Does Your Pallet Manufacturer Have a Food Grade Facility? | Pallet Consultants
Facilities and warehouses in supply chains that handle food products need to meet certain hygiene requirements, which extend to pallets and their storage. Pallets and the facilities that store or produce them are responsible for upholding cleanliness standards.
Through the Food Safety Modernization Act (FSMA), the FDA has mandated a broad set of rules on food monitoring and facility cleanliness. There are no specific regulations for pallets besides that they not harm food, but other rules apply to facilities in food supply chains that use them. Facilities that have a hand in anything related to food production or transportation must be proactive in their approach to pest prevention, general cleanliness, pallet quality monitoring and safe pallet storage.
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One of the first things to judge a pallet facility on is its cleanliness. This is important because multiple issues can be traced back to poor cleaning practices and site management.
In order for a warehouse to safely store or produce pallets without the risk of mold or pests, it must:
- Not have any leaks in the roof, walls or foundation
- Not have any weeds, standing water, trash or signs of rodents in or around the perimeter
- Safely store cleaning supplies, pesticides, and other chemicals separately from the pallets
- No damage to windows, window frames, pipes, or walls that can create openings from the outside
If a pallet facility pays attention to detail with its cleaning of small things, like infrequently used shelving or sawdust and debris, chances are it’s a hygienic facility.
Mold is a worry for any facility that handles food or produces products to be used around food, and pallet manufacturing is no different. Any leaks or openings can allow for water intrusion into the facility, increasing the risk of mold development. This is especially pertinent for wooden pallet producers, where water can seep into the wood and cause rot or molding from the inside out.
A regular, detailed inspection is required to upkeep the quality of the warehouse building and perimeter itself. Having a well-built facility that keeps water out is also a good sign pests are less likely to be an issue since rodents and insects can enter the warehouse in the same places as water.
Rodents and insects can carry with them many diseases and leave behind droppings or carcasses, potentially exposing pallets to many risks. Pests and mold can also be prevented with heat treatment of pallets before they are to be used for food products, but it’s best to start with a reliably clean facility in the first place.
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Many facilities store pallets outside, which for most uses is satisfactory. Food grade pallets should be stored inside at all times, however. This is to avoid the risks of exposure to pests and water as explained in the section above.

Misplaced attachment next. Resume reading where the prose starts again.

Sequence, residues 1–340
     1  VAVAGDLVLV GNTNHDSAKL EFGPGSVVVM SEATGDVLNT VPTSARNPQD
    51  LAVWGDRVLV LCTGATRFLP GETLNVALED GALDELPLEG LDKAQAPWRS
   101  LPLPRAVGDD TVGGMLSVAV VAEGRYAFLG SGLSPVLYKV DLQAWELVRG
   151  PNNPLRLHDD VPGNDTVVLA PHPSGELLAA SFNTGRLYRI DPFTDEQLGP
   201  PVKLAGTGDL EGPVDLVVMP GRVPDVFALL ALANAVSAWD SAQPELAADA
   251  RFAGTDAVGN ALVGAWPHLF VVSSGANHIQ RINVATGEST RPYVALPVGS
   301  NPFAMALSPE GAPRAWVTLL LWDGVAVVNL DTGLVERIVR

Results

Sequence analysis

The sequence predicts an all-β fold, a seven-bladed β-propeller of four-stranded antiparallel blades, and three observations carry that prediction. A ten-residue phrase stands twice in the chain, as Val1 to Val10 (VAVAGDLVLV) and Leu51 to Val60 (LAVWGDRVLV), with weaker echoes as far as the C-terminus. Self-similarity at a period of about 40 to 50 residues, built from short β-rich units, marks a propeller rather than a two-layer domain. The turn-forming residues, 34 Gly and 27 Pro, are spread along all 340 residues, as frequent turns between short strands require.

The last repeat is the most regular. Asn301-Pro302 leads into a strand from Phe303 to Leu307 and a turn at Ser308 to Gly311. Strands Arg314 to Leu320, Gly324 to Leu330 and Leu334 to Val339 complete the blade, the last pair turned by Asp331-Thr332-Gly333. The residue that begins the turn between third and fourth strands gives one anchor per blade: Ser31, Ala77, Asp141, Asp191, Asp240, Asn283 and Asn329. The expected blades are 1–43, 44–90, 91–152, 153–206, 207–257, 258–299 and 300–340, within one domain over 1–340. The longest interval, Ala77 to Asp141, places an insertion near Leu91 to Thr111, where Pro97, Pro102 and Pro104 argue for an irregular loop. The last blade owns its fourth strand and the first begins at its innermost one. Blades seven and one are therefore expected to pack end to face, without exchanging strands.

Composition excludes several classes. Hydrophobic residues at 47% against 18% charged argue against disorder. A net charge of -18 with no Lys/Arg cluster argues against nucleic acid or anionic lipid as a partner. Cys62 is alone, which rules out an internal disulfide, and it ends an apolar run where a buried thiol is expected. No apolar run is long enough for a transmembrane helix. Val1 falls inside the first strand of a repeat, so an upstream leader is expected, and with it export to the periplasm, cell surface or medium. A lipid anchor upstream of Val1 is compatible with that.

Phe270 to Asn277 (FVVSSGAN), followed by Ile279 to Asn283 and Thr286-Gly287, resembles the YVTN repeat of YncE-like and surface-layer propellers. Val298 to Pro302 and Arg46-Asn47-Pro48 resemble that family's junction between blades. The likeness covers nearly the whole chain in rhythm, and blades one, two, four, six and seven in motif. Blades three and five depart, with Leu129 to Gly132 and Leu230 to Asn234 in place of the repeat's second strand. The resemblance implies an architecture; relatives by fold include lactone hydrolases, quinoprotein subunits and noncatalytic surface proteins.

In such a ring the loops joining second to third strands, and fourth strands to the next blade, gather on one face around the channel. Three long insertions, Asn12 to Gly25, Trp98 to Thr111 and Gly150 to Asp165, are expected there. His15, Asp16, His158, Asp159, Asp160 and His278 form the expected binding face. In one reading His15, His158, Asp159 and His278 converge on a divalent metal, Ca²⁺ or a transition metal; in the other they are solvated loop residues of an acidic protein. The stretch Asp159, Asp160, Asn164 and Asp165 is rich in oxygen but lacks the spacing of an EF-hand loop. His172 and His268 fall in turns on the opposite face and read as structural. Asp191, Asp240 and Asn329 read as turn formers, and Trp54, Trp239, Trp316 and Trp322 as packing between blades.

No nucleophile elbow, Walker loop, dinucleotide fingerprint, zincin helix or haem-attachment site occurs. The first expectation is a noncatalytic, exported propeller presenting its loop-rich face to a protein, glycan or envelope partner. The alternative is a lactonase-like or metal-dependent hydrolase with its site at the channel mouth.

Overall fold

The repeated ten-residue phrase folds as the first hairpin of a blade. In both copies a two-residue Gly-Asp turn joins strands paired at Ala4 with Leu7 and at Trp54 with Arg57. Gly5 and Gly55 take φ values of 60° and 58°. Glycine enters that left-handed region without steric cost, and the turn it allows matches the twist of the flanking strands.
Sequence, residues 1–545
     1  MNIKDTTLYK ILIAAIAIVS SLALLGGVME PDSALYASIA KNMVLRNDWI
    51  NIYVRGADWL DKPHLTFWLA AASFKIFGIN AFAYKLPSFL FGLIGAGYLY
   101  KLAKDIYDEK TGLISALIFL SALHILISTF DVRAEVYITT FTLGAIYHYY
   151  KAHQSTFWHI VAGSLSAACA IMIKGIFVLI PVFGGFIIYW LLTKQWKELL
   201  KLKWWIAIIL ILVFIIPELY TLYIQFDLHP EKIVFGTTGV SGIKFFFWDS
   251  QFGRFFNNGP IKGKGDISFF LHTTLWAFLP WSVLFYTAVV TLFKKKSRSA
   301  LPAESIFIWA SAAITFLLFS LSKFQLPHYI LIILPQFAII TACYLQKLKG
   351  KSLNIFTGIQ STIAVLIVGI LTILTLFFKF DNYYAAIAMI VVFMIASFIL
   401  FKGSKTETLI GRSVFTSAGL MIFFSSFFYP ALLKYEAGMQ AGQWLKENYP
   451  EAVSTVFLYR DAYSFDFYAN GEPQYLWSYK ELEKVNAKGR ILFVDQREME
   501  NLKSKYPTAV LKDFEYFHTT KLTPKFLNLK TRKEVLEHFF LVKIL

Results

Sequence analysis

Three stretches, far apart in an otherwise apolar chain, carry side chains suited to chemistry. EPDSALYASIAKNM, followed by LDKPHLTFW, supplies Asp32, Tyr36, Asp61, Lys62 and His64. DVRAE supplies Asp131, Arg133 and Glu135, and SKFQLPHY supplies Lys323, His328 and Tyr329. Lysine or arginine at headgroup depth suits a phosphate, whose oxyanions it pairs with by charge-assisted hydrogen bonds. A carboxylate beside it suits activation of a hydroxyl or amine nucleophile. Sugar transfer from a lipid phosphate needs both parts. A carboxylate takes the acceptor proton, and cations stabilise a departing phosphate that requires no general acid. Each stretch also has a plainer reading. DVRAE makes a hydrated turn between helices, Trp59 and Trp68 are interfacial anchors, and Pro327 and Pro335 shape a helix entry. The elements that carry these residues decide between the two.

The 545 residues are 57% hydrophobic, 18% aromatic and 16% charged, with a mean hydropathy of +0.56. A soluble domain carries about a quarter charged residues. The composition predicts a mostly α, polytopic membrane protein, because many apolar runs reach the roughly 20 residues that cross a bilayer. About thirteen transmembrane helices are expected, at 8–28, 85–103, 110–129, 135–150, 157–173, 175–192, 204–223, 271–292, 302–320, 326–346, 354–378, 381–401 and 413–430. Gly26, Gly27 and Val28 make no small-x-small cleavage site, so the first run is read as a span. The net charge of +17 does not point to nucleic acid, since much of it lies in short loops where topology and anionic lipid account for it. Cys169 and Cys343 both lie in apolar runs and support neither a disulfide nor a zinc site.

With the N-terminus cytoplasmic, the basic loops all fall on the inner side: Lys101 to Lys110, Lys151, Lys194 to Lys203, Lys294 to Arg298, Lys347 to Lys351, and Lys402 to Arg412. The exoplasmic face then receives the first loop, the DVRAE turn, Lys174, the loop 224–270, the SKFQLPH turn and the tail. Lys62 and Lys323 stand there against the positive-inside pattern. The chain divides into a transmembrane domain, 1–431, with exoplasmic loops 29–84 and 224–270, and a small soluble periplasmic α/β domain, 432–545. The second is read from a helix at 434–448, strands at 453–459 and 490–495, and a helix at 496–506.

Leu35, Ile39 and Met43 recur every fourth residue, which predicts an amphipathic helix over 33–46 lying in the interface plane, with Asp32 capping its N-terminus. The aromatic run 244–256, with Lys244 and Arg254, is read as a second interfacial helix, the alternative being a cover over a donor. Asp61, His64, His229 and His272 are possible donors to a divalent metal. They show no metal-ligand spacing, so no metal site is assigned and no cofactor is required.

- The sun can weather and weaken the plastic and wood in pallets
- Pallets outside can be made into nests by insects, birds and rodents
- Outside storage increases chances of standing in water and mold
When kept inside for production and storage, food grade pallets won’t have the same compromising risks of contamination.
In addition to being stored inside, food grade pallets should also be rotated regularly to allow for cleaning of the space they occupy and prevent pallets from sitting idly too long. Mold is less of a concern indoors but can still happen, so pallet stacks should have enough space between them to allow for proper air circulation.
Pallet Quality Monitoring
The last aspect of a food-safe pallet products and facilities are controls on pallet quality. If a pallet has slight damage which leaves exposed wood splints or nails, that could harm food or food packaging. It’s important for pallet products being used for food to be of the highest quality.
Detailed pallet inspections will confirm pallets are safe for use with food and won’t puncture packaging. Inspections should also look for discoloration in pallets that might indicate the wood has absorbed any liquids or has residue on the surface. Wood itself is safe for contact with food, but liquids can be absorbed into the wood fiber which can contaminate a wooden pallet. Additionally, both plastic and wooden pallets can have a contaminant on their surface which can make them unsafe for use with food. Checking pallets would also show signs of insects or animals if the facility has any openings to the outside.
Operating a food grade pallet facility requires high attention to detail. Multiple procedures in production, storage and quality control must be followed to ensure high quality pallets that have not been exposed to pests, mold or other contaminants. Pallet Consultants has been providing premier pallet products and customer service to the food and beverage industry for decades and has a proven track record of maintaining a food-safe environment in all of our facilities.
As a leading national pallet provider, our goal is not only outstanding products and services, but also best in class customer service. We have over 20 years in the industry and can help you in any situation, anywhere in the country. Whether it’s new or recycled pallets, heat treatment or total pallet management, we can do it all.